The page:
Reimagining Livelihoods to 'deCoronize'​ India - Thought Starters for the Informal Sector

“The COVID-19 crisis has the potential to push around 400 million informal sector workers in India deeper into poverty, with the lockdown and other containment measures affecting jobs and earnings” - International Labour Organisation (ILO) Report.

“India’s urban unemployment rate soars to 30.9% even as overall rate rises to 23.4%, indicating COVID-19’s impact on the economy” - Centre for Monitoring Indian Economy (CMIE) Report.

The impact on livelihoods of the domestic worker who has been asked not to report to their employer’s home; the street vendor who has had to close down his stall to comply with social distancing norms; the beautician whose clients are going to be wary to step in for treatments involving human touch; the server waiting for his restaurant to be re-opened to business and then experiencing a drop in footfalls as people begin to opt for either dining at their homes or ordering in; the cab driver waiting for his daily customers who do not hop in as they are not allowed on the roads or have been asked to work from home; the construction worker who has been laid off due to stalled projects; and for many more such role holders who serve our cities and have fuelled their growth by providing us their services – for all those,

this unexpected pandemic called COVID - 19 is not only about their health, it is about their livelihoods and it is about their survival!!

It is a pressing need for us to shake ourselves out of the ‘economic and thought paralysis’ induced by the lock down and put together a roadmap for how jobs and livelihoods will shape up, especially for the large vulnerable informal sector which represents 81% of India’s employed workforce (“Men & Women in the Informal Economy: A statistical picture” – ILO Report). This number is estimated to be well over 90% considering the increase in informal workers within the organized sector (as contractual or casual labourers).

It is beyond doubt that this population of migrant, agricultural and non-agricultural workers are the most affected with lockdown related interventions. It has caused them dislodgement, occupational displacement and most importantly, an acute economic shock. As this pool of informal workers typically rely on daily earnings, their immediate and future livelihoods are under immense stress.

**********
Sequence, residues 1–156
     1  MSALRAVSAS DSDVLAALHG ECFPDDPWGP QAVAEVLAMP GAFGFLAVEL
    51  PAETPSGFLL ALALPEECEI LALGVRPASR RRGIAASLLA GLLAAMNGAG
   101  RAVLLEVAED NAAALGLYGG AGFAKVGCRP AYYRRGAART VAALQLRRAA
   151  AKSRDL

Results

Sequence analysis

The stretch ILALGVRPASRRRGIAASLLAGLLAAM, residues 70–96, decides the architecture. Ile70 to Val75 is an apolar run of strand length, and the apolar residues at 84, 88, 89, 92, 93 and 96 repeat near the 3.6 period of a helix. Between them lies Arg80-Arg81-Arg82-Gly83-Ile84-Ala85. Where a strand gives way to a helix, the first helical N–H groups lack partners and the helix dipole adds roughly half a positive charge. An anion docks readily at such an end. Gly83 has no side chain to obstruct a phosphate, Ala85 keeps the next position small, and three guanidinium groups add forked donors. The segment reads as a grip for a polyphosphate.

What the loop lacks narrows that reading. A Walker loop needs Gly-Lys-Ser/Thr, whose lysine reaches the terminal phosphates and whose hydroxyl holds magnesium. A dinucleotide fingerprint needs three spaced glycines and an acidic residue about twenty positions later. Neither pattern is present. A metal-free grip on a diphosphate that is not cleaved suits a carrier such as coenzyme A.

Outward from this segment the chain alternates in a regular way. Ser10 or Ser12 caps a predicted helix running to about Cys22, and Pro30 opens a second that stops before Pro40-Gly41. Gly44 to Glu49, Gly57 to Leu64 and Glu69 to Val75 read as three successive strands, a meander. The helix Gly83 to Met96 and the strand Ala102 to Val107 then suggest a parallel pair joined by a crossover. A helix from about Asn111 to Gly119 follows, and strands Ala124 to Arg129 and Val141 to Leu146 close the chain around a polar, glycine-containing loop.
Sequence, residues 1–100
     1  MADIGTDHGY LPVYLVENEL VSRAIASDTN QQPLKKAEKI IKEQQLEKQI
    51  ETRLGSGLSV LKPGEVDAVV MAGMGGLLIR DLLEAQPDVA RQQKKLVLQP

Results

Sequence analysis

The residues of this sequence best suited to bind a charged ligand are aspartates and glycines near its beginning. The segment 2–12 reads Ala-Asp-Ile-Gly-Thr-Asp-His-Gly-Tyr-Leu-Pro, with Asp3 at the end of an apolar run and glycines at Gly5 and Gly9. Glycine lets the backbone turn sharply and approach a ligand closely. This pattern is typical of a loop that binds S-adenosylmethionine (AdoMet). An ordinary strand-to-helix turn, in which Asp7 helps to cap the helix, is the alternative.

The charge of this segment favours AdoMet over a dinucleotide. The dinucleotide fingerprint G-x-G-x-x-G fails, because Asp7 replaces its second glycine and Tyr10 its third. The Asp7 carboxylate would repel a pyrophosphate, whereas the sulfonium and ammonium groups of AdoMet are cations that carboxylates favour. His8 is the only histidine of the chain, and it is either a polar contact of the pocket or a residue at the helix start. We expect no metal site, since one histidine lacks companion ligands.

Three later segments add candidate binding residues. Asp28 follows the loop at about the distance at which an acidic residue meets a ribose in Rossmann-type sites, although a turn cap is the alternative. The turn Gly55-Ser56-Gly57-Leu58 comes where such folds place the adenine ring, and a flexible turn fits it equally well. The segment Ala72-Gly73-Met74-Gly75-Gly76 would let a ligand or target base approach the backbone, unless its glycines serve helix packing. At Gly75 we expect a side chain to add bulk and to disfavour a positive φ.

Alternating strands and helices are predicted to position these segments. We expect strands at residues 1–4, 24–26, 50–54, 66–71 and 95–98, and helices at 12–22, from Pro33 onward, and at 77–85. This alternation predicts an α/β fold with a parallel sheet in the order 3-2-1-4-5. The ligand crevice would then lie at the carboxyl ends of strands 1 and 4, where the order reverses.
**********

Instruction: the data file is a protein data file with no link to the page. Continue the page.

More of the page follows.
The challenges are manifold -

  • It is for the first time in this modern era that industries havhad to shut down, people are confined within the four walls of their homes and social distancing has been redefined.

  • The demand patterns among consumers on discretionary spends may see a reduction or there may be a random shift in the choices they make.

  • This pandemic has also led to a reverse migration from metros and cities to the small towns and villages. It is likely that a proportion of those who have moved back to their roots, may decide to stay there, either due to social pressures from their families or due to the inability of the urban ecosystem to absorb them back.

It appears that ‘BC’ and ‘AD’ will have a whole new meaning for our generation and the future generations – ‘BC’ being ‘Before Covid-19’ and ‘AD’ being ‘After Disruption’.

In the post COVID-19 India, we need to gear up to a restructured economy and align ourselves on how we can redefine livelihoods of the vulnerable informal sector. This means re-looking at the traditional approach to job roles and learning on-ground implementation; introduction of new skills and capabilities, coupled with a mix of unlearning, relearning and cross learning. Thus, reimagining livelihoods, mapping them onto the skills’ inventory and creating enablers for a robust new learning structure becomes imperative.